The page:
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Lifting weights can help smokers quit without gaining weight, new research indicates. Men and women who participated in a three-month resistance training program were twice as likely to quit smoking, compared with smokers who did not lift weights.

HealthDay reports lifting weights appeared to help reduce cigarette cravings and withdrawal symptoms, while reducing the weight gain that can often follow smoking cessation. The study, which appears in Nicotine & Tobacco Research, included 25 adults who smoked at least five cigarettes a day for the past year or longer. They received smoking cessation counseling for 15 to 20 minutes, and were given an eight-week supply of nicotine patches.

The participants were then split into two groups. The first group was asked to participate in two one-hour resistance training sessions, which involved 10 exercises a week for 12 weeks. The intensity of the program gradually increased. The second group watched a brief health and wellness video two times a week.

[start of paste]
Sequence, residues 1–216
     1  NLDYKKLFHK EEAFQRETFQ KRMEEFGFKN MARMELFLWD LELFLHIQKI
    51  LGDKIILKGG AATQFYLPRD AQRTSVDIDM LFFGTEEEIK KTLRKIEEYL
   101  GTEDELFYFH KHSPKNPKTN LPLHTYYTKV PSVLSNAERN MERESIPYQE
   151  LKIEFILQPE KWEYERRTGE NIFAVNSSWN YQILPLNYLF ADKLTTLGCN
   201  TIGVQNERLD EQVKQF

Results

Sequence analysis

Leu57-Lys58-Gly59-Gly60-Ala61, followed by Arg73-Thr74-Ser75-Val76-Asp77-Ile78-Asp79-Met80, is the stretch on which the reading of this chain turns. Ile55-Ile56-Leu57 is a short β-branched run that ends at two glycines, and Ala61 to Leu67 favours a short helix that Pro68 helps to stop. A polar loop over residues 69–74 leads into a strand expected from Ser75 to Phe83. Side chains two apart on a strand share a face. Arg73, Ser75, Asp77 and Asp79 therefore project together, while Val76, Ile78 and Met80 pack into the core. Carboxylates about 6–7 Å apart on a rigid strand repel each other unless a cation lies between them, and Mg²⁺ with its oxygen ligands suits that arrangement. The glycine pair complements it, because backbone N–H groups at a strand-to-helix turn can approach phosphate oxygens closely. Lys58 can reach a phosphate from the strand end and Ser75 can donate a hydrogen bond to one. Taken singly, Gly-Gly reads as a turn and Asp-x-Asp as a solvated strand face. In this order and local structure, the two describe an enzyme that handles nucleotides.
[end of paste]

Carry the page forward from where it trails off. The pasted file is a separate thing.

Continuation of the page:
After three months, 16 percent of smokers who lifted weights had quit smoking, while also losing body weight and fat. In the video-watching group, 8 percent of smokers had quit, while gaining body weight and fat.

Three months after that, 15 percent of the weight-lifting group were still smoke free, compared with 8 percent in the video group.


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